It’s not a car, it’s a portal: That was my good friend’s description of the Tesla model 3 I had the pleasure of driving for a few days recently.

Like many people, my friend has a strong affinity for the simple, authentic things in life. Things like live shredding Australian guitar bands rather than electronica; or camping with an open fire instead of a sterile resort. Or her beloved house on wheels, a VW diesel camper van.

Being a former mechanic, I get it too.  I like the idea of being able to jerry-rig a fix on the side of the road, and I have got my family out of a number of (mostly self-induced) roadside pickles using gaff tape, zip ties and a bit of simple common sense.

But unlike some, I am not sceptical of EVs, or scared of being let down and stranded by new technology. The gain overwhelmingly surpasses the potential pain in my eyes, and I’m ok with a bit of aggravation as an early adopter.

I acknowledge however, most people may not be willing to accept aggravation and indeed, may have even higher service and support expectations if they are forking out for a new, relatively expensive car.

When my boss (Solar Analytics founder and CEO, Stefan Jarnason) took delivery of this new Model 3 recently I didn’t hesitate for a nano-second when he offered the chance to take his new pride and joy home for the weekend.

Apart from the pleasure of a new car, the Model 3 represents a tantalising glimpse of the future (when EVs just make more sense and are overwhelmingly more desirable).

But personally, I was also very keen to get my friend into the latest version of Tesla’s EV because within a few years they will be common and affordable to the masses, and I really, really, really want one.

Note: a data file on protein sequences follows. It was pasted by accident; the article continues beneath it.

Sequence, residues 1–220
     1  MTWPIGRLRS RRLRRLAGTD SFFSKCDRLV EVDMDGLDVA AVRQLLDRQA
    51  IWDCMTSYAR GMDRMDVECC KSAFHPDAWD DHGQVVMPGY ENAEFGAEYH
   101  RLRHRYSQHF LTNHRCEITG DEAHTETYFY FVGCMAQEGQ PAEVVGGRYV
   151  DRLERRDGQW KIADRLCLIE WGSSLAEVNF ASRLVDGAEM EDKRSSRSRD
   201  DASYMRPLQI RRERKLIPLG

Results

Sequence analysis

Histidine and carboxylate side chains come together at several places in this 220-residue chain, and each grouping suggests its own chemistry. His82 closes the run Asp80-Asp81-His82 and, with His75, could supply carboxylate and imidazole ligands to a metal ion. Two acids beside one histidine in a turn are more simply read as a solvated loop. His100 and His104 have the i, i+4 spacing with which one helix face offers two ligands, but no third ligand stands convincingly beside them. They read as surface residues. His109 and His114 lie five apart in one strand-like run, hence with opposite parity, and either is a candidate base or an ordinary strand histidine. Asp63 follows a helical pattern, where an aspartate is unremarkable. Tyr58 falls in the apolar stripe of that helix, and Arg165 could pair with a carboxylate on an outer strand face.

We took a decent (100km) drive and fiddled with everything. We nit-picked. We debated likely problems and limitations and tried to fit bikes and swags into it.  We talked about what it would be like to live with the car in day to day family life.

Even though I was driving the base Model 3, it is swimming with computer controlled whizz-bangery. Some of it is stuff I really liked, such as the cruise control that adapts to vehicles around it and slows down or speed up automatically.

I like the ability to fine tune and adjust many of the settings in the car to your preferred style, then save it to a driver as a profile.

I like the ability to make fart noises or play games that was a massive hit with the kids, even though the novelty had worn off pretty quickly after a few days and was just causing arguments with the kids. (Note – with upgrades more features are available)

This all pretty cool, but many of these features pretty standard fare in mid premium new cars these days, so while nice, they don’t help to justify buying an EV.

However, as an EV owner, the navigation system and route/charge planning  service is next level. I have literally spent hours meticulously planning routes, ringing in advance to ensure chargers would be available and using a spreadsheet to calculate charging, arrival and departure times.

Tesla seem to have worked out ages ago that the key to overcoming range anxiety is a) lots of chargers in great locations and b) automation on route planning. This is a game changer, works truly beautifully in seconds and personally, I think really addresses a major fear point.

Ultimately, my friend declared:

“I’m sorry but this isn’t like a car. Getting into a Tesla is more like entering a portal.

“It’s not visceral. I can’t get help from almost any mechanic almost anywhere and I’m almost immune from the wind or the heat or the smells of the world around me because everything is automatic, and computer controlled. It’s the future, where decisions are made for me not by me and I’m not sure I’m quite ready for that.”

I get that and respect it, but I’m ready. Bring it. On.

Nigel Morris is a solar industry veteran, EV owners, works for Solar Analytics, and co-hosts the Solar Insiders podcast, where he also talks EVs.

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